Let’s take a look at recent tragedies in our country and abroad lately:
Florida school shooting (and all the ones that have come before)
Domestic violence in the NFL
Vegas concert shooting
Texas church shooting
Police being shot
Multiple terrorist acts in the name of “religion”
Men in power needing to be right/putting others down
Sexual assault in Hollywood (and of course everywhere)
Not to mention the countless acts of violence, bullying, suicides, and overdoses happening on a daily basis.
Are you noticing a pattern? You might see a whole lot of evil. I see that too.
But I also see a bunch of men. Angry, fearful, hurt men. Men acting out.
I want to be very clear, this is not about justifying acts of violence and aggression. On the flip side, this is also not about shaming men. This is about understanding and opening up a dialogue because clearly something is very wrong.
I am by no means an expert on the matter, but I’ve been feeling pretty passionate about this topic for awhile now, reading up on it and talking about it to anyone who will listen (shout out to my dear husband who is on the front lines).
And I’m not going to back down or shut up about it because it makes people uncomfortable. That’s exactly WHY I’m talking about it. Not addressing the emotional health of men is part of what has gotten us into this mess to begin with.
For me it started with my work with couples. Over and over it's been difficult to ignore how challenging it is for the men I work with to drop their protective shields with their partners and be empathetic and vulnerable humans. At first, I naively expected them to just do it when prompted. Your relationship is on the line man, just do it!
But I started to notice that it wasn't about not wanting to do what was necessary to improve the relationship, but a very real struggle to understand, access, or express the emotions they were experiencing. The only response I’d get to “what are you feeling right now?” was “angry” or “frustrated.”
As I did more research on the matter, I came to understand it wasn’t their fault. It was like trying to teach them a new language. Or maybe one that they once knew, but hadn’t practiced in decades. Of course they’d be stuck. And of course their partners would be frustrated with them.
This didn’t make me frustrated though, it made me sad. And it continues to sadden me. Sad that we live in a world where men have had these parts of themselves beat out of them at an early age and are then expected to have good relationships.
Therapist Terry Real accurately describes in his book “I Don’t Want to Talk About It: Overcoming the Secret Legacy of Male Depression” how this happens for both genders in different, yet equally damaging, ways:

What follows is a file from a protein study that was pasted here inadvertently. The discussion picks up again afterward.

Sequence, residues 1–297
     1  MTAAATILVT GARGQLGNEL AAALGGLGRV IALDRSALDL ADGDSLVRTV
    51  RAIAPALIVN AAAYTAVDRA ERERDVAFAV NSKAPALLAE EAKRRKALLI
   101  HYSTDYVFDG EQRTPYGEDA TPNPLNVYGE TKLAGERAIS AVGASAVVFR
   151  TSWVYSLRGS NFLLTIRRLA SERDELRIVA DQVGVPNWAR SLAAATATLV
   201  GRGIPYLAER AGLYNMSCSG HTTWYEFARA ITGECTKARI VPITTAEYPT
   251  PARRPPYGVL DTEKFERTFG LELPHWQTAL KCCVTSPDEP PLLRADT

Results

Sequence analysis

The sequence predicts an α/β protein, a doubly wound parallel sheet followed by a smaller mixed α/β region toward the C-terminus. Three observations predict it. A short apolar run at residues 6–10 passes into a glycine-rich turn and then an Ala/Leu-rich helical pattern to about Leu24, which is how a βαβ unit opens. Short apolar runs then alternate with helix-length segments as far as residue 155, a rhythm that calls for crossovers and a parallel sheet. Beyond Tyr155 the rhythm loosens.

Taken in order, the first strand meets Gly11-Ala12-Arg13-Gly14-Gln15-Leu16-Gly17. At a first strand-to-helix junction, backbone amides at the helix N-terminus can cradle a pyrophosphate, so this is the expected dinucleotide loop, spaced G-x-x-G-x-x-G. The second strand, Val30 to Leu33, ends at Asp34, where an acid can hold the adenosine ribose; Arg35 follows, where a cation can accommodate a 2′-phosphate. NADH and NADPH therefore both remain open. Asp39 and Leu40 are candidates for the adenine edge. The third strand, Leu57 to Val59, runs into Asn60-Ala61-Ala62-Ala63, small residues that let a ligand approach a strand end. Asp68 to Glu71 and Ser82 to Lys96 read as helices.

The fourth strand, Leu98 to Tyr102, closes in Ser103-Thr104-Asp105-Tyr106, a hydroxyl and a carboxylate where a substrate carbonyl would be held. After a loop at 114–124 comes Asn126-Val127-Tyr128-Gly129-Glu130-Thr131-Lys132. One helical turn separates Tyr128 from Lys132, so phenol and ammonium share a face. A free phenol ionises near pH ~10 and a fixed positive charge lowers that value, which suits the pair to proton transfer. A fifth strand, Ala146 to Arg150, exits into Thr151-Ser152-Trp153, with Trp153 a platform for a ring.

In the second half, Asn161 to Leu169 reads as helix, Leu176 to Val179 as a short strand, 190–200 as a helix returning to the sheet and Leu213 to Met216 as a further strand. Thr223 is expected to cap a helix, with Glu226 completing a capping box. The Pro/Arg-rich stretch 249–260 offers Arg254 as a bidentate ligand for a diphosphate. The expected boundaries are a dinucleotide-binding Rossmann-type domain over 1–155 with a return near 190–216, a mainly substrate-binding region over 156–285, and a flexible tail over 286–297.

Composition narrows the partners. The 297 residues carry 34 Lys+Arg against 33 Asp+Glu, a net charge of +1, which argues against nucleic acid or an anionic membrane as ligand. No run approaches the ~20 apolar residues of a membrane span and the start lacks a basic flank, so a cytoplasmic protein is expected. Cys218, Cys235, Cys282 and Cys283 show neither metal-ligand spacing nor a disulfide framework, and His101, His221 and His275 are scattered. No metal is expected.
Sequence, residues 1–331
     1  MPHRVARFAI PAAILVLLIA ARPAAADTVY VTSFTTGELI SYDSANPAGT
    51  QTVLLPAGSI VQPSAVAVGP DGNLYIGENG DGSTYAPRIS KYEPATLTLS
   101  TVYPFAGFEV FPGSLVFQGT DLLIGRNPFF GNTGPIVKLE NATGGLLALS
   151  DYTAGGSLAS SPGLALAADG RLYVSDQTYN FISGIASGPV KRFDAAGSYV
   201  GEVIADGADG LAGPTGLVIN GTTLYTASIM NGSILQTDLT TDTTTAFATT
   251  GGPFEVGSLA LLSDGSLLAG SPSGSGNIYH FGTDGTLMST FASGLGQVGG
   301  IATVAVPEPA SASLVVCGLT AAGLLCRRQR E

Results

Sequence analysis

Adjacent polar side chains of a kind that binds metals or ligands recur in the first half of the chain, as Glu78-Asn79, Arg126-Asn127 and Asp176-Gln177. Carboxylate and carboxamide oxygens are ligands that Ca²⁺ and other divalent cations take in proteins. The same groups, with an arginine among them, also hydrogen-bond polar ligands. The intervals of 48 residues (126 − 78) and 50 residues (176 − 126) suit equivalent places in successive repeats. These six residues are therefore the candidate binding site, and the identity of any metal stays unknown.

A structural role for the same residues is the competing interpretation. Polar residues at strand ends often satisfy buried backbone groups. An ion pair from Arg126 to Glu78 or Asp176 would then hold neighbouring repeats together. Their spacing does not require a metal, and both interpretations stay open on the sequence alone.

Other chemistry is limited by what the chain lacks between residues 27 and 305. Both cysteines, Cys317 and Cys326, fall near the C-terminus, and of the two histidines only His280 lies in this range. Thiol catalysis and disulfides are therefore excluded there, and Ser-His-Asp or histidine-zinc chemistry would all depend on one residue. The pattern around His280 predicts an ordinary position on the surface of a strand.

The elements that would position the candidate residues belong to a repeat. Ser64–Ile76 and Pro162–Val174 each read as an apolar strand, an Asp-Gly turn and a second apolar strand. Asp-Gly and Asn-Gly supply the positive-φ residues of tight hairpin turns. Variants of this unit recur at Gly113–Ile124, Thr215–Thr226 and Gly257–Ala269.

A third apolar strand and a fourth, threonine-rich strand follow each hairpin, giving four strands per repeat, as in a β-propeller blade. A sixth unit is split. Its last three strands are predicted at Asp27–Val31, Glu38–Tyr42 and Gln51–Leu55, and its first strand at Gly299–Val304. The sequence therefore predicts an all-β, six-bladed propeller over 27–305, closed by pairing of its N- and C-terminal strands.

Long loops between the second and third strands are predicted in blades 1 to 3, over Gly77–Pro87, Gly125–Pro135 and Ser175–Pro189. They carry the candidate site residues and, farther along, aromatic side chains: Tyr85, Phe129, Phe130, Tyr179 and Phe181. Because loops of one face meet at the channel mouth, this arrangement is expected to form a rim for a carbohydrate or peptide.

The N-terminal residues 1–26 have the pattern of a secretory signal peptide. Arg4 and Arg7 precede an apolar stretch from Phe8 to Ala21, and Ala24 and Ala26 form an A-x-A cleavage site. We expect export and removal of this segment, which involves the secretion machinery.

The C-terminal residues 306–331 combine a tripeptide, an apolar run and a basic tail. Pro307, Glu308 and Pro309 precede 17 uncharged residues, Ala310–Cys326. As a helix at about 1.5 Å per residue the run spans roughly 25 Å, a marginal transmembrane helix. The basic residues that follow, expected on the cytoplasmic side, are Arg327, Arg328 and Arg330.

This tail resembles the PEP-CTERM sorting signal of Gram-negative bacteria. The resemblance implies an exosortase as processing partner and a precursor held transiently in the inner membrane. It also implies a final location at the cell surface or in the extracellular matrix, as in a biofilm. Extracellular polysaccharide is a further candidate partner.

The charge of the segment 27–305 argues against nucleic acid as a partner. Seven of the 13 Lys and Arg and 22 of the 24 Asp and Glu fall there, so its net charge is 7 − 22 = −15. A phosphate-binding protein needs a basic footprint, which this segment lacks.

"Traditional gender socialization in our culture asks boys and girls to 'halve themselves.' Girls are allowed to maintain emotional expressiveness and cultivate connection. But they are systematically discouraged from fully developing and exercising their public, assertive selves--their 'voice' as it is often called. Boys, by contrast, are greatly encouraged to develop their public, assertive selves, but they are systematically pushed away from full exercise of emotional expressiveness and the skills for making and appreciating deep connection."
"The traditional socialization of boys and girls hurts them both, each in particular, complementary ways. Girls, and later women, tend to internalize pain. They blame themselves and draw distress into themselves. Boys, and later men, tend to externalize pain; they are more likely to feel victimized by others and to discharge stress through action."
Thankfully, women have worked incredibly hard in recent decades at finding their voice, becoming more assertive, tapping into their more masculine traits in order to become a healthy, whole person. We encourage our girls now to speak their minds and respect women who do so.
But we don’t talk nearly enough about the need to empower men to be whole people.
Even though things are starting to (slowly) change, men are still taught that success, achievement, and power are what makes them a man. It’s what makes them worthy of love, respect, acceptance, and belonging. The goal is winning, impressing others, and being right, no matter the cost. This is what our culture teaches boys “masculinity” is all about.
When your self-worth is dependent on how “masculine” you’re perceived to be, there’s no space for any traits that our society considers “feminine”- compassion, empathy, emotional attunement and expression, vulnerability. They are perceived as weaknesses. Flaws. Barriers to achieving “success” in the eyes of society.
Some of these men may achieve greatness, yes. Only to find themselves feeling disconnected, alone, unfulfilled. Not just disconnected from others as a consequence of their pursuit to “prove” their worth, but also disconnected from their authentic selves.
And for those who don't achieve this greatness and don't have the tools to cope with it? Well, just take a look around.
I don’t know about you, but I think this is tragic. Something has to give.
Gun reform is important. Mental health reform is important. Of course.
But what's it going to take for us to face the fact that men are in trouble?
What can we do as individuals and a society to change the face of masculinity? To create men that are both strong and big-hearted?
“Men are adrift and nobody is talking about it and nobody’s doing anything about it and it’s killing us.”
- Michael Ian Black